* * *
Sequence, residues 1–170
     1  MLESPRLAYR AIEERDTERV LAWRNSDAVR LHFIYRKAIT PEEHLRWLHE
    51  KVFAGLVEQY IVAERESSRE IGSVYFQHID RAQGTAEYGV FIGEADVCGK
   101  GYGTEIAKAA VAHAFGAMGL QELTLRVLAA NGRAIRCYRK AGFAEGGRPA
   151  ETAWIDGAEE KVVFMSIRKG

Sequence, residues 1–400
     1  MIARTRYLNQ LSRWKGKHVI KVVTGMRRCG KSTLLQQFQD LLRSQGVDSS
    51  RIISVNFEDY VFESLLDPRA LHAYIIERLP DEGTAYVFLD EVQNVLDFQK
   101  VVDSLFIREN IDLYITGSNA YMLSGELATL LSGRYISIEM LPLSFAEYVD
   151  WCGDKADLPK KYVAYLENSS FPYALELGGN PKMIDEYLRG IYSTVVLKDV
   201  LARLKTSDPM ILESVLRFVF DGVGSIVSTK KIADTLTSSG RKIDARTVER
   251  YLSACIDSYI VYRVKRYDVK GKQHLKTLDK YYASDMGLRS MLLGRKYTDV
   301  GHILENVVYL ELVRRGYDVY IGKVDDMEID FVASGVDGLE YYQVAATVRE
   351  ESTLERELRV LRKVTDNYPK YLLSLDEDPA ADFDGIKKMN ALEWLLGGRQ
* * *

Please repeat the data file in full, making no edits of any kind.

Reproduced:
Sequence, residues 1–170
     1  MLESPRLAYR AIEERDTERV LAWRNSDAVR LHFIYRKAIT PEEHLRWLHE
    51  KVFAGLVEQY IVAERESSRE IGSVYFQHID RAQGTAEYGV FIGEADVCGK
   101  GYGTEIAKAA VAHAFGAMGL QELTLRVLAA NGRAIRCYRK AGFAEGGRPA
   151  ETAWIDGAEE KVVFMSIRKG

Sequence, residues 1–400
     1  MIARTRYLNQ LSRWKGKHVI KVVTGMRRCG KSTLLQQFQD LLRSQGVDSS
    51  RIISVNFEDY VFESLLDPRA LHAYIIERLP DEGTAYVFLD EVQNVLDFQK
   101  VVDSLFIREN IDLYITGSNA YMLSGELATL LSGRYISIEM LPLSFAEYVD
   151  WCGDKADLPK KYVAYLENSS FPYALELGGN PKMIDEYLRG IYSTVVLKDV
   201  LARLKTSDPM ILESVLRFVF DGVGSIVSTK KIADTLTSSG RKIDARTVER
   251  YLSACIDSYI VYRVKRYDVK GKQHLKTLDK YYASDMGLRS MLLGRKYTDV
   301  GHILENVVYL ELVRRGYDVY IGKVDDMEID FVASGVDGLE YYQVAATVRE
   351  ESTLERELRV LRKVTDNYPK YLLSLDEDPA ADFDGIKKMN ALEWLLGGRQ